Content updates to this page made possible by funding provided by the St. Louis-Jefferson Solid Waste Management District and the Missouri Department of Natural Resources.

Case StudiesCase Studies

Food Waste Composting

  • Contact

    Tom Flood
    Properties and Sustainability Manager
    314-443-9374
    This email address is being protected from spambots. You need JavaScript enabled to view it.

    Description

    Schlafly restaurants began a food waste recovery project when they received a grant from the St. Louis-Jefferson Solid Waste Management District in 2009. It was a pilot composting grant (Post-consumer Food Waste Composting) in that plate scrapings (post-consumer) from the restaurants (in addition to all other food -- including meat, bones, dairy, baked products, etc., were collected and sent to a commercial composting operation. This did not include vegetable and fruit preps scraps at the Bottleworks, which are composted on-site at the Gardenworks restaurant garden. In the current program, food scraps are brought back to the kitchen dishwashing area when tables are cleared. The plates are then scraped into green bins, as are scraps from the food preparation area. Those are then emptied into the yellow totes provided by Blue Skies Recycling. The Bottleworks Restaurant also uses compostable straws.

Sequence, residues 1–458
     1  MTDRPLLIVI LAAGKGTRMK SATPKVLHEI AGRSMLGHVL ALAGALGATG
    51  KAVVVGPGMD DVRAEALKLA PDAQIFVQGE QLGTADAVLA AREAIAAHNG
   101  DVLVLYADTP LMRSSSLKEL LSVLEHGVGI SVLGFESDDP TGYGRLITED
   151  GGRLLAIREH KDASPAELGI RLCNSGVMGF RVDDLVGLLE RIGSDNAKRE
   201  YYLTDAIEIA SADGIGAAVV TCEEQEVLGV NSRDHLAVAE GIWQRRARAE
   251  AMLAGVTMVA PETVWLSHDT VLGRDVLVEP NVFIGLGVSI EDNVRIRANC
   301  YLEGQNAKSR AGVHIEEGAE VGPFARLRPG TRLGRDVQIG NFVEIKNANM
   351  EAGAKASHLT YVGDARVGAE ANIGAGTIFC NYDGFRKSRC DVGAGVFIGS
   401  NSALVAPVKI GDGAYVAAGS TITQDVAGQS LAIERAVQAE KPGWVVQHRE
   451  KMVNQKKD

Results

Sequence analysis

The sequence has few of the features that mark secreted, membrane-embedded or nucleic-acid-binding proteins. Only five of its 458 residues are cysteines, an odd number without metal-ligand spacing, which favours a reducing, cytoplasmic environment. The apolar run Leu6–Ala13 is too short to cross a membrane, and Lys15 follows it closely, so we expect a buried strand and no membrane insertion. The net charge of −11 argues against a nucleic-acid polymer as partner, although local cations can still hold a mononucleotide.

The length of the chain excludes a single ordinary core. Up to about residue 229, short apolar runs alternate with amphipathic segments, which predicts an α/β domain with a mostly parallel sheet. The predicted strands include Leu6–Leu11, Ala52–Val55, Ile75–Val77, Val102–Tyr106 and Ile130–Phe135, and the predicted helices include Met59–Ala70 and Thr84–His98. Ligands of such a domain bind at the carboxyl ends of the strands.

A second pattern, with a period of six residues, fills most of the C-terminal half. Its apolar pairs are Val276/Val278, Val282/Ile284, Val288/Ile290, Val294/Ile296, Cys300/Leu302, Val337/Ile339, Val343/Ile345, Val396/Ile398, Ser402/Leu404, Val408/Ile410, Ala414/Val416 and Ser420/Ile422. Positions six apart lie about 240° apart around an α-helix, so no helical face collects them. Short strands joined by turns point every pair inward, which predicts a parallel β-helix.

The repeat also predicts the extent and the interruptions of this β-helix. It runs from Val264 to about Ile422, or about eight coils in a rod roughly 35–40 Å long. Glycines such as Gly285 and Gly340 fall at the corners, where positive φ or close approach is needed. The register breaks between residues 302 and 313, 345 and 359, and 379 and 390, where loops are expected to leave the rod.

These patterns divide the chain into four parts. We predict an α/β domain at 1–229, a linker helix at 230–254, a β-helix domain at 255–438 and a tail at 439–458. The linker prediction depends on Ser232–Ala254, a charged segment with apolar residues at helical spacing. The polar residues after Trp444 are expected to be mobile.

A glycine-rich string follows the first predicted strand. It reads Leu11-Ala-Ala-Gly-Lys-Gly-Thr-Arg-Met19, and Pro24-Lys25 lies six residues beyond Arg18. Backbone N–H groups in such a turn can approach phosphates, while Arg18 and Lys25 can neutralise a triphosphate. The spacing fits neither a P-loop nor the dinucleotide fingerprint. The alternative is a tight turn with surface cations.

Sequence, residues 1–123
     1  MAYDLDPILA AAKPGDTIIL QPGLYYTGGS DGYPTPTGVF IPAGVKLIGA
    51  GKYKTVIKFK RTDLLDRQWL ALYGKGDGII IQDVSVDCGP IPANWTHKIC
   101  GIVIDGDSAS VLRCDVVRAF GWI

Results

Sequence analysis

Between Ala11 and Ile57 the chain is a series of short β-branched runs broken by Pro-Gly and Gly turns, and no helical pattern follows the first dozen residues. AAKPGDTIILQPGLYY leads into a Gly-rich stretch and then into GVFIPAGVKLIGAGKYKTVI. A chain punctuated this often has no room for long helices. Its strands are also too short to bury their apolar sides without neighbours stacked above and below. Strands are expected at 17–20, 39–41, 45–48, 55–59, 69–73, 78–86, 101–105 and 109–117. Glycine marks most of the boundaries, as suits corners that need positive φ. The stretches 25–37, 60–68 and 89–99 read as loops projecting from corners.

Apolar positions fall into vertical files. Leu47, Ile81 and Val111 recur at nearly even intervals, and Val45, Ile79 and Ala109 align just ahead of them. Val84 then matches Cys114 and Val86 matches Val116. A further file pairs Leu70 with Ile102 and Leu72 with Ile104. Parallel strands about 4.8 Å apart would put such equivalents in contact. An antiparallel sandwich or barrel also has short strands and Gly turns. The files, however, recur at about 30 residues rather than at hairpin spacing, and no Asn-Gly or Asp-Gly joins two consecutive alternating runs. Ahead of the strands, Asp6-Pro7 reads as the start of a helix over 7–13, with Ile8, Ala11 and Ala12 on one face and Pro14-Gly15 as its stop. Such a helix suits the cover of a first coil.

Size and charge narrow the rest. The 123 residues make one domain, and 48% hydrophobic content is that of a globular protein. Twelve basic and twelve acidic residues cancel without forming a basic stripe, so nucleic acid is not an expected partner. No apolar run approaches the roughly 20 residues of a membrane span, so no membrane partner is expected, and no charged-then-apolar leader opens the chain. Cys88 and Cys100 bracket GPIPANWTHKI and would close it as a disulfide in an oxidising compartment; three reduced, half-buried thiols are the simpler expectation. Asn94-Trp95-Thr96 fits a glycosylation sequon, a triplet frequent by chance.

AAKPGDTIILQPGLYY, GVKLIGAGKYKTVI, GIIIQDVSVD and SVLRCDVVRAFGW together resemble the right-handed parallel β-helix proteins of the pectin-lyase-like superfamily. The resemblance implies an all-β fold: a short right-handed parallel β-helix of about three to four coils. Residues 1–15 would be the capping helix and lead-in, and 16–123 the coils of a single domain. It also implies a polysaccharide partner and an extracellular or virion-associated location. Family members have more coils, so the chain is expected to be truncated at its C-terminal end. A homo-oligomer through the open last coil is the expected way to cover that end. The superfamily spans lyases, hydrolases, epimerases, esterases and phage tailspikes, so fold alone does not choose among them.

Cost

    Some facilities can offset the charges for separate collection of food waste by using smaller trash dumpsters. Separate collection of organics costs approximately two to three thousand dollars a year.

    Lessons Learned